Elderflower & strawberry drop scones

Laren Hadden keeps it seasonal as she finds a recipe for June elderflower


Elderflower & strawberry drop scones

The Psychologies team has been planning some wild walks recently – both city canal walks and escapes to the country – and June brings lots of elderflower hiding in hedgerows and even in unexpected parts of cities. 

We turned to a new seasonal cookbook to find a suitable recipe. ‘Drop scones make a fine breakfast,’ says Mark Diacono, author of seasonal cookbook A Year At Otter Farm (Bloomsbury, £25). ‘Even plain, without fruit, and just ribboned with honey and cream, these tiny pancakes are fabulous. Add raisins, brandy, grated apple or regular strawberries quartered, and you’re unlikely to be disappointed.

This elderflower and strawberry combination is the finest I have come up with. The mini strawberries just begin to break down when the scones cook, leaching some of their juice into the batter, while the florets dissolve, leaving the ghost of their scent and flavour behind. The spelt isn’t critical – I like it for the nuttiness and substance but using all plain flour, wholemeal or a combination is perfectly fine.’

Makes about 12


For the drop scone batter

65g plain flour

65g spelt flour

1 tsp baking powder

25g caster sugar

A pinch of salt

Up to 100ml milk

30g butter, melted

2 free-range eggs

To assemble and cook

6 heads of elderflower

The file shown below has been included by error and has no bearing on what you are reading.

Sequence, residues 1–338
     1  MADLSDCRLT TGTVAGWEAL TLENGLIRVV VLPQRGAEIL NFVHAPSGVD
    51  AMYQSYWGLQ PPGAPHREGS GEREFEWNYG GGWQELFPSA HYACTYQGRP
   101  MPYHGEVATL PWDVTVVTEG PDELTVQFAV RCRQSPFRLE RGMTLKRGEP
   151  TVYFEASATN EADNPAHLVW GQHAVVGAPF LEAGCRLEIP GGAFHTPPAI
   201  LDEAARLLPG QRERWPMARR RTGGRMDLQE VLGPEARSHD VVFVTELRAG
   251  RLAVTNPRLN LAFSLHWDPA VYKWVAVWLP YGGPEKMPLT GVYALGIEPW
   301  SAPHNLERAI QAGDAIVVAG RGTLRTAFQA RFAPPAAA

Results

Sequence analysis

2 handfuls of min strawberries, such as Mignonettes

2-3 tsp vegetable oil for frying


1. Sift the flours and baking powder into a bowl and stir in the sugar and salt. Make a dip in the centre.

2. Add 2 tbsp of the milk and the melted butter to the eggs, and beat just enough to combine. Pour into the dip in the flour and beat in. Add the rest of the milk in a trickle, beating it into the flour until the batter drops – rather than pours – from a spoon; you may not need all of the milk.

3. Use a fork to strip the elderflower florets from their stalks and stir the florets, along with the mini strawberries, into the batter.

4. Put a few drops of oil into a large frying pan, wipe them around with a crumpled piece of kitchen paper, and warm over a moderate heat.

5. You will need to cook the drop scones in batches – cook 3 or4 at a time. Lower dessertspoonfuls of the batter into the hot pan, leaving space in between to allow them to spread a little. When you see bubbles appearing through the batter, use a palette knife to turn the drop scones over. Cook for another minute or son, until golden. Remove and keep warm while you cook the rest.

6. Serve the fruity drop scones warm, with yoghurt or cream.

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